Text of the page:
Angel investors are a growing segment of the startup universe. Wealthy individuals (often celebrities or successful entrepreneurs themselves) are ready, willing, and able to invest sizeable amounts of cash into businesses that appeal to their sensibilities and interests. You no longer have to deal with the big, bad, scary venture capital firms. Some angels work alone, while others are part of a network or group. They cover every conceivable industry and niche, and their investment can run from thousands to a few million of dollars or more. Really, it’s just a matter of connecting with the right individual.
But, you shouldn’t just take the first bag of cash dangled in front of you. Just as a savvy investor will have questions and research you, so too should the savvy entrepreneur look into their potential backers. Finding the right investor should take time and effort.
Find Individuals with Related Experience
First and foremost, because you’re dealing with an individual rather than a company, you want to zero in on someone with a background in your selected niche or industry. These wealthy folks come from various backgrounds, so you want to find one with experience that can assist you (beyond just simply financing you). An angel investor who made their millions in software is a much better choice to invest in your software start-up than, say, someone who made their fortune in oil. Sure, they would obviously have solid business sense, and they would be a worthy mentor, but different industries have different subtleties. Find someone that intimately understands yours.
Geography Ain’t an Issue
Angel investor groups are popping up absolutely everywhere. A quick Google search will likely reveal several within your country, state, province, and sometimes even specific city. That said, you don’t necessarily have to limit yourself to finding someone closeby. Many angels actively seek out opportunities abroad. There are, of course, pros and cons for finding someone within driving distance, but you shouldn’t automatically close the door on those farther afield. Some popular angel investor networks include:
The United States
The United Kingdom
Check out a few different networks. Shop around. Find the perfect match. Some angels only invest in one particular industry, or country, or niche. Many groups host conferences where entrepreneurs can pitch their idea. Find a network that fits your general profile, and then subscribe to their email newsletter (if they have one) to stay on top of things.
Check Out the Competition
Take a look at existing companies in your niche. Who invested with them early on? It’s possible that they may still be investing in worthy projects, and you’d be one step closer to an agreement if you already know that they like and support your industry. You’re not looking for unfair insider knowledge of your competition here. You’re looking for someone who has already successfully helped others achieve in a similar market. It just makes sense. You want an investor with a proven track record, right? Likewise if you know anyone within your entrepreneur networks that could point you towards a good fit. Rather than consider each other enemies, entrepreneurs would do well to stick together and help each other out. This leads us to...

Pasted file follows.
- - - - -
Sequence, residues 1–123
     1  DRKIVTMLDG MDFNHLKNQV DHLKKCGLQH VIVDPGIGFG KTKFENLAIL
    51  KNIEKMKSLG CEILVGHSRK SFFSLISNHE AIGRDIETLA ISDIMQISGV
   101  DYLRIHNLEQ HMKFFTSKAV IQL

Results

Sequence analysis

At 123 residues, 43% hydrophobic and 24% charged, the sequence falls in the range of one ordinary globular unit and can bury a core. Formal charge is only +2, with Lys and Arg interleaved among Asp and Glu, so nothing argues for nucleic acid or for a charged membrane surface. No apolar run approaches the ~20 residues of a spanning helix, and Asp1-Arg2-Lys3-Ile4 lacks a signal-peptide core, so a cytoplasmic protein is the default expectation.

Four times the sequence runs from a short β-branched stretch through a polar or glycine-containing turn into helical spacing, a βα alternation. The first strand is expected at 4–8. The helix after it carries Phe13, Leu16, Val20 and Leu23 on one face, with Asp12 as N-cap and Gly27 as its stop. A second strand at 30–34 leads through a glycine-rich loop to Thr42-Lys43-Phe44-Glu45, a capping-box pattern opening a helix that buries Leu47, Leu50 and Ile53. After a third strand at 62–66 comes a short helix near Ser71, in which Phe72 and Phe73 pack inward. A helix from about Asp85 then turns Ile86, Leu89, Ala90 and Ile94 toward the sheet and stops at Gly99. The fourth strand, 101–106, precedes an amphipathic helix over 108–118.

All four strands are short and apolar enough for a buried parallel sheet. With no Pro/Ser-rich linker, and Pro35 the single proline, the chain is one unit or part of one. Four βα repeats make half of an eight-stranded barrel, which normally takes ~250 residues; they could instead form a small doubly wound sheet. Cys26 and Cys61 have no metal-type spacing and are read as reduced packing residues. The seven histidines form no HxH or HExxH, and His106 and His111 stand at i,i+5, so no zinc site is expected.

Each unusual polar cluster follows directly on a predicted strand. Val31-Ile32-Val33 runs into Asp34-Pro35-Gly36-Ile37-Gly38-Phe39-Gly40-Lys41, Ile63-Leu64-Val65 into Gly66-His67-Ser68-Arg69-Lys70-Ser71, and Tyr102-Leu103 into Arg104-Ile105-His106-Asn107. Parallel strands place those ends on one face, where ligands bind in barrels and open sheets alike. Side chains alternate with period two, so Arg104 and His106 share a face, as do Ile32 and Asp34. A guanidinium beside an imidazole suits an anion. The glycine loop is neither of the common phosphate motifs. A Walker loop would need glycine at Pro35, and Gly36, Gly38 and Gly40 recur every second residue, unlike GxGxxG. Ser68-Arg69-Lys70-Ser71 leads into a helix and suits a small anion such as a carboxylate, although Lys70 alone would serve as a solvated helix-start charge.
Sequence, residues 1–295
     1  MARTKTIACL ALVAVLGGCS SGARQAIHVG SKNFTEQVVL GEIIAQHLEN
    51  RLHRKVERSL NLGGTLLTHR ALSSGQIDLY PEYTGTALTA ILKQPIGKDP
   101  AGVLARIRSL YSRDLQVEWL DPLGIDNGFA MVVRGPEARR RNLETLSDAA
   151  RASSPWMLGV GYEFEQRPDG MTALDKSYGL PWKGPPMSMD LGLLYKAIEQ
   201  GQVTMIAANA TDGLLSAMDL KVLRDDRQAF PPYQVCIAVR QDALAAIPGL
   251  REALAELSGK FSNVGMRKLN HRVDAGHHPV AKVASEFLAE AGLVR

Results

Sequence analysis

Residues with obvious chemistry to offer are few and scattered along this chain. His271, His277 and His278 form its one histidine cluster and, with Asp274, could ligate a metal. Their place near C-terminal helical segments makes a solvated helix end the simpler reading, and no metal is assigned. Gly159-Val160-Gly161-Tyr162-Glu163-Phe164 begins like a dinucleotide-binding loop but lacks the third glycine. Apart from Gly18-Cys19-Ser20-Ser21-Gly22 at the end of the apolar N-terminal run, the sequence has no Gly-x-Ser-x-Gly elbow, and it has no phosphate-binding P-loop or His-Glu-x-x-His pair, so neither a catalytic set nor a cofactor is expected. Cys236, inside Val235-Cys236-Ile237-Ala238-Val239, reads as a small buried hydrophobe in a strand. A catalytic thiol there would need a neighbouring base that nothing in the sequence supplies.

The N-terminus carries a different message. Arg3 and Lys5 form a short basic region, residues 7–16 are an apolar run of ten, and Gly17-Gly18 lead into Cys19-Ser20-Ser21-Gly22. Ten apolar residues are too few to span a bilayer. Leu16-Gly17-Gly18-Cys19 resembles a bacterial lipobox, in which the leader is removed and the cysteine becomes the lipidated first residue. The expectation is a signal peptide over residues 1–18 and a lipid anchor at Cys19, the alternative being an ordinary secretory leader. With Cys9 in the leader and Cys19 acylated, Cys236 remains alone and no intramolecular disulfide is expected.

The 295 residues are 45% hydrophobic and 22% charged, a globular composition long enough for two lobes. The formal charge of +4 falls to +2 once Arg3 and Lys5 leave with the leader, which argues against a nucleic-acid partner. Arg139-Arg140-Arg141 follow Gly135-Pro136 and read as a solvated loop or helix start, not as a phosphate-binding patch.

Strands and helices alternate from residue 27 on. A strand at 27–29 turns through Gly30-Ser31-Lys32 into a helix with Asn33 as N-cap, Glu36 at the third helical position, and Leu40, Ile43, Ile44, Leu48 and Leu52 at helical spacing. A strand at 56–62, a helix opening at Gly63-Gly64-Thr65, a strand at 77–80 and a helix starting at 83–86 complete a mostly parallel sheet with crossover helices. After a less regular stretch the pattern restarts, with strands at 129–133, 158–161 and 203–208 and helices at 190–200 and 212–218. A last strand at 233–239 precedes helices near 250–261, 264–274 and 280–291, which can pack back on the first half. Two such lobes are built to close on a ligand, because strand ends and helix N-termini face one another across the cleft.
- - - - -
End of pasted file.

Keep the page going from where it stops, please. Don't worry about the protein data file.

It’s All Who You Know
In the world of angel investing, if you can get a personal introduction from a mutual associate, you’re already ahead in the game. Like anyone, angels are going to trust and assess the risk differently if they are connected with you via someone they’ve already conducted successful business with. Talk to other entrepreneurs. Ask about their investors. Request an intro when appropriate. They can also warn you about potentially difficult angels as well.
Celebrities vs. Connectors vs. Expert Strangers
They are different kinds of angels out there. They’re all wealthy, yes. But that might be the only similarity, and different types have their advantages. A celebrity, for example, is great for generating publicity and buzz surrounding your product or idea. Connectors are investors that might not be an ideal match in some areas, but they can introduce you to someone who is perfect. Experts are the aforementioned professionals with a background in your chosen industry. They're worth their weight in gold for their insight. Be clear on what is most important to you...other than just the money.
Ask Questions. Talk to Each Other.
Selecting an angel investor is about compatibility, not just money. It’s going to be a close relationship, so you want to make sure that you get along and can work together. If your gut says “no”, it would be wise to listen to it. Make sure there is a clear (and written) understanding as to the level of their involvement, exit strategy, length of partnership, and so forth. Spell out what you are looking for. Ask questions about what they expect. Everyone must be on the same page here, and if you don’t ask, you won’t know, and that can be disastrous down the road. They will likely have plenty of questions for you (and if they don’t, you should be worried), but so should you for them. Find someone you genuinely like. It’s so much easier.
The entrepreneur-investor relationship is dynamic, close, and often volatile. You need to choose very carefully, as do they. You’re working very closely together, in a pressure cooker of stress, with large quantities of money involved. Choose poorly, and that’s a recipe for catastrophe.
Photo by Cornelia Kopp
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